The oilseed rape area could rise after four seasons of decline, reflecting a small recovery in rapeseed prices, says leading plant breeder Monsanto.
The area has been under pressure due to the fall in rapeseed prices, high growing costs and increasing pest problems from the likes of cabbage stem flea beetle.
Geoff Hall, the group’s commercial lead for seeds and traits for north-west Europe, believes the drilling area this summer will edge back above 600,000ha, to see a likely 3%-plus rise.
“We are likely to see a fall in the area in bad flea beetle regions, but are likely to see an increase elsewhere,” he tells Farmers Weekly.
Rapeseed prices fell to about £240/t ex-farm last harvest from £400/t at harvest 2012, but now they have edged back to slightly above £270/t.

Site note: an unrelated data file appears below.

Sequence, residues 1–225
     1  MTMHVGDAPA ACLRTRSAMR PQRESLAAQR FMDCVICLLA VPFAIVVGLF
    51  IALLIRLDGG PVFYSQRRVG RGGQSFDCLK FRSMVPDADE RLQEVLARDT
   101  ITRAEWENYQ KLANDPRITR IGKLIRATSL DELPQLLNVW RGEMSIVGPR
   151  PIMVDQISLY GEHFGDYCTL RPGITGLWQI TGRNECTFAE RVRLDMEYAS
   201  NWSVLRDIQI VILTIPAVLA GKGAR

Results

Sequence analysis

Agriculture researcher group Kleffmann estimates the drilled area in the ground this season is down one-tenth at 583,000ha, while an earlier AHDB’s Early Bird survey put the area off 14% at 565,000ha.
Despite the anticipated rise in area, Monsanto – which supplies about one-third of nation’s seed for the oilseed rape crop with varieties such as Extrovert and Exalte – expects the area down to high-quality high-oleic, low-linolenic (Holl) varieties to be largely flat next season.
Holl varieties in the ground account for 43,000ha, or just over 7% of the national crop, and Mr Hall says there should be enough seed for 50,000ha available this summer.
“We expect the Holl area to be largely flat as we wait for the food market to catch up, and then we see further growth ahead,” he says.
Mr Hall expects there will be enough seed of Monsanto’s leading V316OL Holl variety to drill about 90% of the Holl area this summer.